“Just the stature of it. It’s such a huge event. There’s so much more that’s going on. The hockey venue was right there with swimming, diving, basketball and track and field and other events. There’s so much prestige all around,” Parks said. “It was just totally on another level.”
Parks reflects on the actual in-game experience as almost secondary to the overwhelming experience of being in a major global capital at the biggest competition of her life.
“At the end of the day, it’s still a field hockey tournament like every other event. I never really got ‘used’ to being at the Olympics. But you do get in a rhythm like any other tournament. You start to feel comfortable, and you are there to do a job.”
Parks was one of several Canadian officials involved in the hockey competition at the 2012 Games. Wendy Stewart was participating as an umpire and Janet Ellis was an assistant technical delegate. According to Parks, it is often common to be the only Canadian at big events. Having that Canadian connection to Stewart and Ellis made the experience even more rich. Parks notes the ability to work alongside Janet Ellis (Field Hockey Canada Hall of Famer) as a particularly thrilling experience.
“It’s really special. It’s sometimes just reassuring to have other Canadians there. There is a wonderful bond with the other Canadians,” Parks said. “…and I finally got to work with Janet Ellis. That was so special for me.”
Parks completed her Olympic Games experience and flew home to Canada. She proceeded to continue as a TD and Judge at Field Hockey Canada and Pan American events. Today she sits on the Field Hockey Canada Officials Committee dedicated to strengthening the officiating and umpire community across Canada. She said she understands that there are limited opportunities for Canadian umpires and officials but urges young officials to take every chance they get to improve and get experience.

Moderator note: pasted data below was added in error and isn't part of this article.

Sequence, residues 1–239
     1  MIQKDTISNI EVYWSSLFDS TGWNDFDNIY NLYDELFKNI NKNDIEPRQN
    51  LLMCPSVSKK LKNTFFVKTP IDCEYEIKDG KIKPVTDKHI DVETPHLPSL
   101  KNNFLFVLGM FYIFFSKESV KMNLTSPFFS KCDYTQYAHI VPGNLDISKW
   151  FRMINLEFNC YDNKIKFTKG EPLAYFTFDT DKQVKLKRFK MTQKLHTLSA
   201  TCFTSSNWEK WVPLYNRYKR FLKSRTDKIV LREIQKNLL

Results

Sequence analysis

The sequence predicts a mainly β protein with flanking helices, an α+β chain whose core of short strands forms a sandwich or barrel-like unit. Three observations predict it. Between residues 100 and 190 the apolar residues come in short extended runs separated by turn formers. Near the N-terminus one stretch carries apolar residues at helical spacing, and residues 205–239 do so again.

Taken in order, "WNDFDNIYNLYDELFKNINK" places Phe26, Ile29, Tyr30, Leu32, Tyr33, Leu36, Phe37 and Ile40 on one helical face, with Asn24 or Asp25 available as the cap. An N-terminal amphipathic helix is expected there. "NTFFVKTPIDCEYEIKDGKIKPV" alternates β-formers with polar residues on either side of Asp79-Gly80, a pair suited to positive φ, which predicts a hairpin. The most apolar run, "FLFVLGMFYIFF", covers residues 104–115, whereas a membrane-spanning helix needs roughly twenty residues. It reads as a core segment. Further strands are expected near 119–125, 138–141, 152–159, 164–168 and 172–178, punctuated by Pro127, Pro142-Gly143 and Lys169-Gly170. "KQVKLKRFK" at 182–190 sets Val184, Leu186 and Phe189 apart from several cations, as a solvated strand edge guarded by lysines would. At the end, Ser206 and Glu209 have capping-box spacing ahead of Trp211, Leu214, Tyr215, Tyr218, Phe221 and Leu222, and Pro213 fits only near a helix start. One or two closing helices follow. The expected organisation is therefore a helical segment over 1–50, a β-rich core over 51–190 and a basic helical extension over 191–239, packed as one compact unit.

“We’ve had many good Canadian officials that just haven’t always had the opportunity or made the opportunity. I suppose one piece of advice I have is try to take as many opportunities as they can and gain as much experience as they can and then the appointments will avail themselves,” Parks said.
According to Parks, her experiences of international travel and bonding with people from all over the world are unforgettable. She feels forever connected to the hockey community through her volunteer work as an official and maintains world-wide connections to this day. She calls these people her “circle.”
“It’s like going to summer camp. It’s so wonderful. There are just more and more people that you get to know in your circle. Overtime, you meet more people. Then no matter where you are, you know at least a few people,” Parks said. “It’s a tremendous way to travel. All of these wonderful opportunities are given to you in spades. It’s a wonderful way to see the world.”
If you want to get involved as an umpire or official, please visit our Resources tab on our Team of Teams hub. If you would like to become a general volunteer, visit our Volunteer Opportunities page. Stay tuned for more ways to join our team!
Happy Officials and Umpires Week!